The Season after Pentecost
sometimes called "Ordinary Time"
Here's another version of the chant by Hylton Stewart that I mentioned in my previous post.
This version comes from The Anglican Chant Psalter from Church Publishing. In this Psalter it does accompany Psalm 39, which is heard in this week's webcast from St. John's, Cambridge.
You'll notice a marked difference in the partwriting between this version and the one posted previously from The New St. Paul's Cathedral Psalter (now available as The Anglican Psalter): in the penultimate bar the bass and tenor parts are inverted.
It's a subtle difference, but I think I prefer the lower, darker part writing for this chant -- especially for its pairing with Psalm 39.
These verses in particular seem to fit the aching, evolving emotion inherent in this chant.
LORD, let me know mine end, and the number of my days; * that I may be certified how long I have to live. Behold, thou hast made my days as it were a span long, and mine age is even as nothing in respect of thee; * and verily every man living is altogether vanity. For man walketh in a vain shadow, and disquieteth himself in vain; * he heapeth up riches, and cannot tell who shall gather them. And now, Lord, what is my hope? * truly my hope is even in thee.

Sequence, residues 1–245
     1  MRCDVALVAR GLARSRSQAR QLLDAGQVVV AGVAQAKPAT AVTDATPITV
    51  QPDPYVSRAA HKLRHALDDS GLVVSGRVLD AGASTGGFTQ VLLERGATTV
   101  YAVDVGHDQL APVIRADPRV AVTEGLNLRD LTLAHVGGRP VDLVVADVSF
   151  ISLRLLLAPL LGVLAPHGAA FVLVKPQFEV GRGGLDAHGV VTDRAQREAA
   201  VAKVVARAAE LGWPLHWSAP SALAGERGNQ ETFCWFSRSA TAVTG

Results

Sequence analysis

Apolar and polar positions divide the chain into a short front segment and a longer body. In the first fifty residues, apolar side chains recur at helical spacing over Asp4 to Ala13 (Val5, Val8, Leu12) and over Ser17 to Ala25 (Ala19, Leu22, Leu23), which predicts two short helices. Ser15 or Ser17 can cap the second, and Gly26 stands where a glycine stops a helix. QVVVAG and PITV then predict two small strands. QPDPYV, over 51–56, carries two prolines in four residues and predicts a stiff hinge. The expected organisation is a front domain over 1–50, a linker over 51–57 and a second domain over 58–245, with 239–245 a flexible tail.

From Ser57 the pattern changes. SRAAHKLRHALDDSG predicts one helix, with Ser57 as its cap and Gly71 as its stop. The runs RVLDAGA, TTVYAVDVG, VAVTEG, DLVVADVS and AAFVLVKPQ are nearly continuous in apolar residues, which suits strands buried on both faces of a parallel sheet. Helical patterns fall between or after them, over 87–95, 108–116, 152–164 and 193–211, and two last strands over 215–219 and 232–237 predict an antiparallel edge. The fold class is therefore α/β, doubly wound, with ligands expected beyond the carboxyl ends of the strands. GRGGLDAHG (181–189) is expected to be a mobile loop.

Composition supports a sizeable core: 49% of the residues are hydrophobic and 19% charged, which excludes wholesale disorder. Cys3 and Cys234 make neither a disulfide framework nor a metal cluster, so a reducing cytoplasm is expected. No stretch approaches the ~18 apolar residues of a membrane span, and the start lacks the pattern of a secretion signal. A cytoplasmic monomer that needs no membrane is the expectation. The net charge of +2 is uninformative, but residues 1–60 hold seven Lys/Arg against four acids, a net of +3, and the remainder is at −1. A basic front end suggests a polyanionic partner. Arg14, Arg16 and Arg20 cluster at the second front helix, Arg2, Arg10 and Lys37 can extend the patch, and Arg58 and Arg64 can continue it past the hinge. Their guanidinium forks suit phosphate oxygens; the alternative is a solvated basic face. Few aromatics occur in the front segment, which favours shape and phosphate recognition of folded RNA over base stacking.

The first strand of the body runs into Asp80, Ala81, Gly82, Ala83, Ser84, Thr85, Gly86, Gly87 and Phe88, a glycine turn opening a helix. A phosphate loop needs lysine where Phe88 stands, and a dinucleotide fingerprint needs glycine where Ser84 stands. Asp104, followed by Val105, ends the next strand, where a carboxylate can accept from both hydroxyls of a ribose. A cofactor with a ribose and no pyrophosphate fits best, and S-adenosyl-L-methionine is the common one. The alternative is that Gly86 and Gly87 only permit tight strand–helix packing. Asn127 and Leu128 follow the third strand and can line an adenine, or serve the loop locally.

There's something wonderfully simple and effective about the initial motion in each quarter of the chant's construction.
In the first quarter: rising by a half step, falling by a fourth.
In the second quarter: rising by a fourth, and rising by a whole step.
In the third quarter begins in the relative major with the reciting note on the B♭, the fifth of the E♭ Major chord.
In the third quarter: rising by a minor third, falling by a half step.
In the fourth quarter: rising by a minor third, falling by a whole step.
The rise of only a minor third in the relative major yeilds D♭, a "blue" note. It's a ♭VII in the relative major, but how do you analyze a D♭ major chord in G minor? You really can't get any farther away. Wacky.
Looking at the intervals, and the direction of the pitch contour, there are some interesting patterns here that I think our minds perceive on some level.
The truly heartbreaking moment, for me, is in the last quarter, when the rise of a minor third reaches only the terminating note of the third quarter (and in that delicious 4-3 suspension, no less).
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